Shooting The Breeze


Hi, and welcome to my "Editor's Blog"! In this space I'll be attempting to keep our readers informed on fast-breaking news and issues affecting our islands. Visit often. There's a lot going on!

Enjoy the Island Free Press and, even more importantly, enjoy our wonderful barrier island!!!




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Devildog (Protecting N.C. H…): Steve, Devildog, it is not a philosophy, but proven facts that Mr. Scott speaks of.. Negative. Dr…
John G (Year In Review – …): 100th Anniversary of the Mirlo Rescue.
Steve (Protecting N.C. H…): Devildog, it is not a philosophy, but proven facts that Mr. Scott speaks of..
Devildog (Protecting N.C. H…): Steve, I respectfully take issue with this statement: Overwash may be an inconvenience, but it is …
Steve (Protecting N.C. H…): Well said Michael Scott! More people need to realize that dune lines have been strangulating Hatteras…
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More than just a circle of stones, Part 2

Friday 31 January 2014 at 1:55 pm

Last June, I wrote a blog about the National Park Service’s decision to stop uncovering the circle of stones at the old Cape Hatteras Lighthouse site after storms.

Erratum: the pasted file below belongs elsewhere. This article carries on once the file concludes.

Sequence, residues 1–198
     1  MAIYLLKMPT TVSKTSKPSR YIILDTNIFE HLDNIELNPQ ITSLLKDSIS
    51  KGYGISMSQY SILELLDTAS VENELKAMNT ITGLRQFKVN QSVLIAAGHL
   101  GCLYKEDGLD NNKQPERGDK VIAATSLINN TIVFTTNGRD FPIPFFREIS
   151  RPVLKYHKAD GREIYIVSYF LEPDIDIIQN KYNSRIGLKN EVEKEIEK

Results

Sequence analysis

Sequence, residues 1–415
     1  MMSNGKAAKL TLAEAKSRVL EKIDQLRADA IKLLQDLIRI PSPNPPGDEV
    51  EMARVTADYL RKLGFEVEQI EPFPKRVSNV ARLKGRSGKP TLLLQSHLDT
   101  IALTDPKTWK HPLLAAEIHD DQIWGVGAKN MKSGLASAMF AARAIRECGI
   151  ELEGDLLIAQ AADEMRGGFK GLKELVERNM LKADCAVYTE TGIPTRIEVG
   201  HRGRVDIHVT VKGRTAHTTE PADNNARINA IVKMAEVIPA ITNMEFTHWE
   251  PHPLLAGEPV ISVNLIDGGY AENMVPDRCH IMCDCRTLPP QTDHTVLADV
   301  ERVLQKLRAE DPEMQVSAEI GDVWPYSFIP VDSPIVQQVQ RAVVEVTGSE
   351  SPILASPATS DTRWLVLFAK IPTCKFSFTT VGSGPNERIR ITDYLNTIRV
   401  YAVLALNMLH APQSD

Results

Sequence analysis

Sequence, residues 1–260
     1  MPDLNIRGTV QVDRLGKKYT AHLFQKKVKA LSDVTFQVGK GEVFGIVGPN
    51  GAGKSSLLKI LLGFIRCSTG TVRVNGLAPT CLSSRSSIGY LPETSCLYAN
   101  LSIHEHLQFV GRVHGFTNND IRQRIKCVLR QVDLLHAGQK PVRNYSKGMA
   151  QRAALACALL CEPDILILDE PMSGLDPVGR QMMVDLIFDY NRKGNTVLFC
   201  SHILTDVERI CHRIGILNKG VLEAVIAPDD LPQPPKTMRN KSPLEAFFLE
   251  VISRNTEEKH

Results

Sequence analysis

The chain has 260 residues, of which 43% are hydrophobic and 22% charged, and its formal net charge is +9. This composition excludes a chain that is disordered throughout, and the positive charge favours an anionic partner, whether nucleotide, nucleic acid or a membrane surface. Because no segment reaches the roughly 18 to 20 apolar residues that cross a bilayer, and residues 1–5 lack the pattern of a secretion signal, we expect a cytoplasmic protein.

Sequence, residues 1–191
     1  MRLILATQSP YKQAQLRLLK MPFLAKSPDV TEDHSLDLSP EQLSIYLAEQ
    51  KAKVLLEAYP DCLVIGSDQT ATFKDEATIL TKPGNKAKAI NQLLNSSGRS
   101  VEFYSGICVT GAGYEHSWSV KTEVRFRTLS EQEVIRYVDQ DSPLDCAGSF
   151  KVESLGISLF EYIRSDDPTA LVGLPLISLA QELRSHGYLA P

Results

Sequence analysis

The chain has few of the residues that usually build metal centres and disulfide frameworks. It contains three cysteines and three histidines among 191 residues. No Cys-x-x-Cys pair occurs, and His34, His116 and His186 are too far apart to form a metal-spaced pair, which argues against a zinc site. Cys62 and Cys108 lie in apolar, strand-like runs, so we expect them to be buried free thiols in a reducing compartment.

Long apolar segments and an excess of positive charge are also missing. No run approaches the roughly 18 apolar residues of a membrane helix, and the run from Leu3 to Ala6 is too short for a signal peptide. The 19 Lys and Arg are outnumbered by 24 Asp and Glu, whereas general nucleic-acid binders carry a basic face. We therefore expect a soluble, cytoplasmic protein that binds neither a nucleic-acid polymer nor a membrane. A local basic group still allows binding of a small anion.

The massive granite stones – weighing at least 3,000 pounds – were part of the Cape Hatteras Lighthouse foundation that were cut away during this historic move of the lighthouse in 1999 to save the iconic structure from the encroaching Atlantic Ocean.

After the lighthouse was moved to its new location, 2,900 feet to the southwest, the nonprofit Outer Banks Lighthouse Society paid almost $12,000 to have the stones engraved with the names of the 83 keepers of the light.

The stones were arranged in a circle that marked the original location of the 1870 lighthouse. The circle of stones was unveiled on May 1, 2001, during a reunion of the descendants of the lightkeepers, and the Park Service’s re-dedication of the Light Station.

Over the years, the circle has been a magnet for residents and visitors, and the site of many weddings, memorial services, and even some christenings.